SAINT PAUL, Minn. – Today, with a vote of 70 to 59, the Minnesota House passed legislation to invest more than $275 million in preserving our environment and natural resources for current and future generations of Minnesotans.
“As Minnesotans, we’re proud of our environment and natural resources,” said Rep. Rick Hansen (DFL - South St. Paul), the chair of the House Environment and Natural Resources Committee. “To preserve them for the next generation of Minnesotans, we need to address climate change and other serious threats to our environment. This is a problem-solving bill that will right past wrongs and protect our air, water, land, and wildlife for many years to come.”
House DFLers are committed to protecting Minnesotans and our environment from hazardous chemicals, including PFAS, known as forever chemicals. This bill contains funding to prevent contamination and bans the use of PFAS in children’s products, cookware, cosmetics, home and commercial furnishings, ski wax, and firefighting foam. Additional funding is provided to replace lead service lines that can contaminate drinking water. The bill also returns funds that were taken from the Metropolitan Landfill Contingency Action Trust during the Pawlenty Administration, with interest, so the state can clean up aging landfills. A total of $16.5 million is included for waste prevention, recycling, and composting initiatives that will reduce the number of items that end up in landfills.
“All Minnesotans deserve clean air, clean water, and equitable access to natural spaces,” said House Speaker Melissa Hortman. “House DFLers are addressing serious threats to our environment, including climate change. We are committed to protecting our environment and natural resources for current and future generations of Minnesotans to enjoy.”
The bill addresses racial inequities that often place communities of color and Indigenous communities at the highest risk of exposure to pollution and hazardous chemicals. Under this legislation, the Minnesota Pollution Control Agency will be required to establish environmental justice areas, analyze cumulative impacts of pollution, and develop stronger regulations to protect Minnesotans from toxic emissions.
“Minnesota is the proud home of giants like Walter Mondale who taught us the importance of preserving and protecting our natural resources and the great outdoors,” said House Majority Leader Ryan Winkler. “The House DFL’s latest environment bill will build on our values and proud traditions, and keep Minnesotans engaged in the outdoors and in their communities.”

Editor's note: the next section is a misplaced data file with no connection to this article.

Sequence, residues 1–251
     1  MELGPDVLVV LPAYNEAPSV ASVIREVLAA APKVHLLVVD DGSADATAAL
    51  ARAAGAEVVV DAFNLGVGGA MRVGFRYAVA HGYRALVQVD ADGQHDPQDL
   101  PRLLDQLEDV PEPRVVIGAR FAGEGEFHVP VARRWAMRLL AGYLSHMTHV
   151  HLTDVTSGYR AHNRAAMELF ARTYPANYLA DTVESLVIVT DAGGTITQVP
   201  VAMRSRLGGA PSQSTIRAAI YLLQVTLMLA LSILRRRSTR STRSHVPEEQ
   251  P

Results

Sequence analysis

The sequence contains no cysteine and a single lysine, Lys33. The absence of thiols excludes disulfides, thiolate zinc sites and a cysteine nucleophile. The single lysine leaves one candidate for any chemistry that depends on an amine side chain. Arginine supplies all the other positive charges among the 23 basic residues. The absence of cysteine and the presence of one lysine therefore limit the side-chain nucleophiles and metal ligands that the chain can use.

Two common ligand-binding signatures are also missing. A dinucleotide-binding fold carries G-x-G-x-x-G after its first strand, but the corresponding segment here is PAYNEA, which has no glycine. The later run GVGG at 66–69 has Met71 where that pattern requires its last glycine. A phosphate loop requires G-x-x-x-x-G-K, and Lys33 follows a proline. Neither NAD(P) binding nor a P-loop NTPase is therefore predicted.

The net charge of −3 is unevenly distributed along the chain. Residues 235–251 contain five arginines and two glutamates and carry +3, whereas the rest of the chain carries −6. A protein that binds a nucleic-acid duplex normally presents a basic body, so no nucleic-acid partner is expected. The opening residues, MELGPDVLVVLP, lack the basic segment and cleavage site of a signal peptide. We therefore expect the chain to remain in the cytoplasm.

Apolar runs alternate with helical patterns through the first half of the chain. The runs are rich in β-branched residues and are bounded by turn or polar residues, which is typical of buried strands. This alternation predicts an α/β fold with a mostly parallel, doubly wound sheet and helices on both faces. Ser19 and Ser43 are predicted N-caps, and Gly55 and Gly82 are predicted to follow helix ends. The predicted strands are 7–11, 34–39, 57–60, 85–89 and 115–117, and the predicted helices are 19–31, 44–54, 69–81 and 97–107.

House DFLers are putting forth innovative solutions to address the climate crisis and other threats to our environment. The bill contains more than $40 million to support conservation programs and $25 million to improve facilities and infrastructure managed by the Minnesota Department of Natural Resources so they can better mitigate and adapt to climate change. $10 million is included to replace trees impacted by emerald ash borer, with an additional $1 million to plant trees at schools. All of these investments will help reduce Minnesota’s greenhouse gas emissions. The legislation also provides funding to enhance soil health, prevent flooding, improve water management and storage, and test for microplastics.
The bill includes measures to protect Minnesota’s animals, plants, and wildlife. To protect our wild deer, for example, the bill takes several steps to stop the spread of chronic wasting disease. It establishes additional requirements for deer farms, requires live-testing farmed deer for CWD, prohibits importing farmed deer from other states with CWD, and bans new registrations for the possession of farmed white-tailed deer. The bill also transfers oversight of farmed deer from the Board of Animal Health to the DNR. Other measures will protect pollinators and the critical role they play in our ecosystems and food supply. The bill provides $7.5 million to expand the popular Lawns to Legumes program, bans the use of certain pesticides on state lands, and allows cities to ban pesticides that are lethal to pollinators.
In addition to providing funding for parks and trails throughout the state, the bill reinstates the percentage of the lottery in lieu tax that was originally dedicated to the environment. This percentage was previously cut to 72 percent; the bill restores it to 97 percent. The bill contains $10 million to help the tourism industry recover and $1.2 million for No Child Left Inside, a grant program that helps get children and teenagers outdoors. It establishes a Minnesota Outdoor Recreation Office to provide inclusive and safe outdoor experiences for all Minnesotans, including people from historically underrepresented communities. These investments will help provide equitable access to the outdoors.
Video of the floor session will be available on House Public Information Services’ YouTube channel.